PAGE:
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Engineering LibreTexts

5: Wave Reflection and Transmission

  • Page ID
    19446
    • 5.1: Plane Waves at Normal Incidence on a Planar Boundary
      When a plane wave encounters a discontinuity in media, reflection from the discontinuity and transmission into the second medium is possible. In this section, we consider the scenario of a uniform plane wave which is normally incident on the planar boundary between two semi-infinite material regions. By “normally-incident” we mean the direction of propagation is perpendicular to the to the boundary.
    • 5.2: Plane Waves at Normal Incidence on a Material Slab
      In this section, we consider the problem of a uniform plane wave normally incident on a “slab” sandwiched between two semi-infinite media. This scenario arises in many practical engineering problems, including the design and analysis of filters and impedance-matching devices at RF and optical frequencies, the analysis of RF propagation through walls, and the design and analysis of radomes.
    • 5.3: Total Transmission Through a Slab
      The “single-slab” problem is comprised of three material regions: A semi-infinite Region 1, from which a uniform plane wave is normally incident; Region 2, the slab, defined by parallel planar boundaries; and a semi-infinite Region 3, through which the plane wave exits. This section focus on a particular class of applications involving this structure that involve total transmission through the slab. i.e., 100% of power incident on the slab is transmitted through the slab.
    • 5.4: Propagation of a Uniform Plane Wave in an Arbitrary Direction
      The ray-fixed representation accommodates all possible combinations of direction of propagation and reference polarization.
    • 5.5: Decomposition of a Wave into TE and TM Components
      A broad range of problems in electromagnetics involve scattering of a plane wave by a planar boundary between dissimilar media. For the general case in which the incident wave is obliquely incident, the directions of the field vectors will generally be different and we take the effort to represent the incident wave as the sum of two waves having particular polarizations. These polarizations are referred to as transverse electric and transverse magnetic.
    • 5.6: Plane Waves at Oblique Incidence on a Planar Boundary- TE Case
      In this section, we consider the problem of reflection and transmission from a planar boundary between semi-infinite media for a transverse electric (TE) uniform plane wave.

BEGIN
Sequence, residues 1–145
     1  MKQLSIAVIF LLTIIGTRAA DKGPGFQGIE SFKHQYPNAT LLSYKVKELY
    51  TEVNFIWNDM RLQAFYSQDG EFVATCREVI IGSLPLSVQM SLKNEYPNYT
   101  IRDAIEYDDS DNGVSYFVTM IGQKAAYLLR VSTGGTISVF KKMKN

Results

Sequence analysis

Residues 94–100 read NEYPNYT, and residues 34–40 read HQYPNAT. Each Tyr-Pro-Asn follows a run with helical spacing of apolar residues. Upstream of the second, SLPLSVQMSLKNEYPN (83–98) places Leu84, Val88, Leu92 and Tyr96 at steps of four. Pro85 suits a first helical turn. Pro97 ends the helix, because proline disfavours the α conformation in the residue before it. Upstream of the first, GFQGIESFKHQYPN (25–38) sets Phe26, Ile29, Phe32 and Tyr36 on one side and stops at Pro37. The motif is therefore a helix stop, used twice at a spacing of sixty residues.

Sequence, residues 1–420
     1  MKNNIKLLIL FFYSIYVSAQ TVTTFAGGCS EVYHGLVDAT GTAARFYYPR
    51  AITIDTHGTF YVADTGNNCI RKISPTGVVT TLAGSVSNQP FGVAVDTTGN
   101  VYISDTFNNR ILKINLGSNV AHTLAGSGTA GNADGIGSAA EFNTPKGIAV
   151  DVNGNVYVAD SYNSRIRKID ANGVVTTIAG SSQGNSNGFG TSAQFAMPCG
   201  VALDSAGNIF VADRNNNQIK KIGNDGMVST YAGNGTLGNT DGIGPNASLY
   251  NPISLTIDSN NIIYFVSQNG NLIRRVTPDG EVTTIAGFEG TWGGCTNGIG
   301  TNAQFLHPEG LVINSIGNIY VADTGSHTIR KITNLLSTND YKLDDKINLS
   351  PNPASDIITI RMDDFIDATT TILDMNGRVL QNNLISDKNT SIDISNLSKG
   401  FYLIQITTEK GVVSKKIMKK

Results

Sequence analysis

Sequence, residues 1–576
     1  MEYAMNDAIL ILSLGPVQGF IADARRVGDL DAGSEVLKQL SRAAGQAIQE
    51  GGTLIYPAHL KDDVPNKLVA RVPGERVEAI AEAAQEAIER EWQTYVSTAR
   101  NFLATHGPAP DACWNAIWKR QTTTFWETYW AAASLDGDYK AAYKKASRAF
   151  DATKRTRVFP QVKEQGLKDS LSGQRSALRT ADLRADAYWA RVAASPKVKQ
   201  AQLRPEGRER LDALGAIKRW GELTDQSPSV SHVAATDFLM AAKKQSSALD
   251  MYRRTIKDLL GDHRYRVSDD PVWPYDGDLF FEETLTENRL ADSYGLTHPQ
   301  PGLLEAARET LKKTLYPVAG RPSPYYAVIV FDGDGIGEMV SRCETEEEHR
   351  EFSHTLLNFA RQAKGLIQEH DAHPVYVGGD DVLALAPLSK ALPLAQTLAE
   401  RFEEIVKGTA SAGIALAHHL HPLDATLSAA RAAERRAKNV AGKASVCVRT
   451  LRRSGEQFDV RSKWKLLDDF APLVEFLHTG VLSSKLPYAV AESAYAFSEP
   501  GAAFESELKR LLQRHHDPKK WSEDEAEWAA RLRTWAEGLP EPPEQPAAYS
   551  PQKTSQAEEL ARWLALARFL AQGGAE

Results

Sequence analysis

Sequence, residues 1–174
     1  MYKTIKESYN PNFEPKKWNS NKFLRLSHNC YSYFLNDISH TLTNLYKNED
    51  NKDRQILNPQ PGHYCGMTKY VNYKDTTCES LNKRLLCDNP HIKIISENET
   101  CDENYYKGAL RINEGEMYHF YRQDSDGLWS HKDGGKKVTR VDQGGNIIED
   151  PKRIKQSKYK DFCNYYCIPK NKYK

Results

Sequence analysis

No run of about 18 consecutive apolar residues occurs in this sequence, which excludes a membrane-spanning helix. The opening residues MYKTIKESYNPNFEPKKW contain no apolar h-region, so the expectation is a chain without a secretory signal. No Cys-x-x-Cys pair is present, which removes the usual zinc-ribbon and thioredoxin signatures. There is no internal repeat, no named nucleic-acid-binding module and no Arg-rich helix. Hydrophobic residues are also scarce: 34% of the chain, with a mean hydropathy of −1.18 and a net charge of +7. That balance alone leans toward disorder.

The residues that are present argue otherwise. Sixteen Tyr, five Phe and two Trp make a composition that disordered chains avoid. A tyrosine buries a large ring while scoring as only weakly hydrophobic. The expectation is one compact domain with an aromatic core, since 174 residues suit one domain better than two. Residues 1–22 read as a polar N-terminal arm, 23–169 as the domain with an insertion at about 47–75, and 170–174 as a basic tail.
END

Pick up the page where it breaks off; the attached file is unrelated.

• 5.7: Plane Waves at Oblique Incidence on a Planar Boundary- TM Case
      In this section, we consider the problem of reflection and transmission from a planar boundary between semi-infinite media for a transverse magnetic (TM) uniform plane wave.
    • 5.8: Angles of Reflection and Refraction
      Phase matching is essentially a boundary condition that enforces continuity of the phase of the electric and magnetic fields across the boundary. Since the same requirement emerges independently in the TE and TM cases, and since any plane wave may be decomposed into TE and TM components, the requirement must apply to any incident plane wave regardless of polarization.
    • 5.9: TE Reflection in Non-magnetic Media
      Many materials of practical interest are non-magnetic; that is, they have permeability that is not significantly different from the permeability of free space. In this section, we consider the behavior of the reflection coefficient for this class of materials.
    • 5.10: TM Reflection in Non-magnetic Media
      Many materials of practical interest are non-magnetic; that is, they have permeability that is not significantly different from the permeability of free space. In this section, we consider the behavior of the reflection coefficient for this class of materials.
    • 5.11: Total Internal Reflection
      Total internal reflection refers to a particular condition resulting in the complete reflection of a wave at the boundary between two media, with no power transmitted into the second region. One way to achieve complete reflection with zero transmission is simply to require the second material to be a perfect conductor. However, total internal reflection is a distinct phenomenon in which neither of the two media are perfect conductors.
    • 5.12: Evanescent Waves
      When total internal reflection occurs, the transmitted field is an evanescent wave; i.e., a surface wave which conveys no power and whose magnitude decays exponentially with increasing distance into the next region.

    Thumbnail: Sinusoidal traveling plane wave entering a region of lower wave velocity at an angle, illustrating the decrease in wavelength and change of direction (refraction) that results. (CC BY-SA 3.0 Unported; Richard F. Lyon via Wikipedia)